2020 sucked for everyone, probably more for some, and less for others. I’ve had times this year where I wished it would end, I’ve had times where I didn’t know what to do, and there were times where I genuinely felt guilty for feeling like things were going great. But there were a couple things that drove me forward, taught me to relook with a different perspective, and at the end of the day, made it alright. Not great, not awesome, but alright.
For any of this to make sense, I’ll have to give a bit of background. I work in tech, DevOps specifically, (or whichever term you’d like to give it) - and I have wanted to work in tech since I was old enough to know what a computer was. This gave me drive, it (still) gives me a purpose, and it gives me a reason to get out of bed every day.
This purpose that I feel, and the drive I have to do what I do, is the main thing that revolves around what made 2020 different, and extremely tough. There were a number of things I had to work on to make it through the year, and I’d like to share some of them here, hopefully they can give some help or insight to you too.
I find it exceptionally easy to stay motivated with work. I have always wanted to do what I do, and that drives me to keep doing it. I don’t need an ulterior motive or an outside motivation to keep going, although sometimes there can be nice side affects. The primary issue I have experienced with motivation this year, is the bleak outlook and understanding that many around me have had towards extreme motivation.
You know what I mean, the people with a bleak outlook regardless of how good things are going, or the person who only sees the negatives. Having a year where even despite most people’s best efforts, they were seen in a bad light, or lost their jobs, or had to quit, or lost their own motivation to keep going. That made staying motivated in 2020 a far harder task than in any years prior.
Knowing when to stop
I’ve always struggled with knowing when I need to give myself a break, and 2020 only increased the visibility of that issue. Working long days to get something done, finish a task, or reach a goal is awesome and inspiring. Never knowing when you need to take a beat to re-energise, or recover after doing so, can be detrimental, causes burnout and can make one extremely miserable.
It’s really hard to know your limit, when your motivation never goes away. 2020 absolutely forced me to figure out this balance more than ever, to keep myself, my job, my mind and my emotions in check and able to be processed. You don’t know you’re at your limit until you hit it, and suddenly it can end in disaster. Finding the line for myself before this happened this year, was a valuable and incredibly useful lesson.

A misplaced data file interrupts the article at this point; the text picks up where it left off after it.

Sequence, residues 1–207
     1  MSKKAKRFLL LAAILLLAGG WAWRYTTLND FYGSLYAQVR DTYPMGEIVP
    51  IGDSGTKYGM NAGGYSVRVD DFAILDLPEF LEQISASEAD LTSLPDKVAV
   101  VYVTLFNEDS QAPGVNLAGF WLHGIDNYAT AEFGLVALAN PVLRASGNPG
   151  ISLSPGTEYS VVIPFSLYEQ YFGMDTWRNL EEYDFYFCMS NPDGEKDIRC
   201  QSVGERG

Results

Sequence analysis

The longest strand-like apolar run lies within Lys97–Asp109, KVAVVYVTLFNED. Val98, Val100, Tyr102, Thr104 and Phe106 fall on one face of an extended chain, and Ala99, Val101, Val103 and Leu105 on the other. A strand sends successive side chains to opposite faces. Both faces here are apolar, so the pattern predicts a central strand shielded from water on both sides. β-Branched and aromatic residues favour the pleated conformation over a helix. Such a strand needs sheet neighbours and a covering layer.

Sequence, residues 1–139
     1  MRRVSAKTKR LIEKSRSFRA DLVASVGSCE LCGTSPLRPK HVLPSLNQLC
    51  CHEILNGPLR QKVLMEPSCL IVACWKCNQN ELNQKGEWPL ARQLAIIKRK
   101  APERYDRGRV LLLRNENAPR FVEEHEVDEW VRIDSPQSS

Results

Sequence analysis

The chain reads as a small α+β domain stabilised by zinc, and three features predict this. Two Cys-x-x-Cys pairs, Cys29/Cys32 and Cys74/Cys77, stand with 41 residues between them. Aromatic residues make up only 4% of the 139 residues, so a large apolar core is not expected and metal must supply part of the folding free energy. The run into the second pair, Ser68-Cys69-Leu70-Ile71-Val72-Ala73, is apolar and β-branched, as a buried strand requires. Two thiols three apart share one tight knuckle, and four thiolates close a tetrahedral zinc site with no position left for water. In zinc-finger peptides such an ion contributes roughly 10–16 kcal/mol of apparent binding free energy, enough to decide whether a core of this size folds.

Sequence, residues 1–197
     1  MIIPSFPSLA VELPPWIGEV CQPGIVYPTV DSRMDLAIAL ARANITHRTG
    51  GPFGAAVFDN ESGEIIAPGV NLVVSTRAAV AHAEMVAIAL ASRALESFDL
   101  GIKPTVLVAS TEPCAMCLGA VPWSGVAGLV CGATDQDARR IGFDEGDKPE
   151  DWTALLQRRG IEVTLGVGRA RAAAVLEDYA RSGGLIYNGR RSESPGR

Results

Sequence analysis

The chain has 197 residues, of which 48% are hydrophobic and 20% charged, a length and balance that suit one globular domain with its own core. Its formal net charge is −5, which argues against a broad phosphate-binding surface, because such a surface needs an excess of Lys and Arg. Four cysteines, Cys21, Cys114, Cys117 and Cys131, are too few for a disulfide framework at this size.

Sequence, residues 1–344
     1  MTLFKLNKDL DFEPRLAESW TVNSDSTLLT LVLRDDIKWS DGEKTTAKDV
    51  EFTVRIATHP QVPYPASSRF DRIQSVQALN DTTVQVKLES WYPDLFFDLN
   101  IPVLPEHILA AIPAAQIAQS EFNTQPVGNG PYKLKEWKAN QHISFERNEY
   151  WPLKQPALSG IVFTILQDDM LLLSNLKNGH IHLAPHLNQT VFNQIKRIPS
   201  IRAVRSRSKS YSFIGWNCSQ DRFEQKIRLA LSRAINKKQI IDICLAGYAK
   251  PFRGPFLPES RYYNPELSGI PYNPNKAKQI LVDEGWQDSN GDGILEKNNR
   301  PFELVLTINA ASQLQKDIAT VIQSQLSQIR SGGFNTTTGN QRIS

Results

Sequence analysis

Not every day can be a 100% day
This one is a big one, and it’s ever more important. In a world where we are being bombarded with bad news, issues, deaths and world problems on a daily basis, we simply don’t have the capacity to make every single day a 100% effort day. For a long time, if I had a day where I didn’t give 100%, I felt bad about it. I’d force myself to give 120% the next day, and for however long I needed to to feel good about it. But in 2020 this needed to change. Understanding what the 100% looks and feels like is amazing, but if a day needs to be an 80% day so that the next one can be 100%, then that is what needs to happen. If the place you work or the things you do don’t allow you to have days like this, then it’s probably worth asking why and finding a solution.
Giving 100% every single day is a sure fire way to allow 0% of any other things to help, remedy, rest, relax or excite you. In 2020, this just hasn’t been sustainable.
Going a bit easier on yourself
This one is heavily linked to the above. If you have a day where you can’t give 100%, you need to find a way to be ok with that. I have certainly had to find a way to be ok with this, and it’s been one of the most important lessons I have had to learn this year. Just because you don’t give 100% on a day, or even for a few days in a row, does not mean you’re any less, or deserve less, or shouldn’t be motivated by the effort you put in.
Find a way to be ok when you have an off day!
There you have it! - 2020 has been a crazy one for all of us, and the biggest lesson that I have had to learn is certainly that:
The internet may never sleep, but humans have to.
Hopefully 2021 treats us a little better than 2020 has!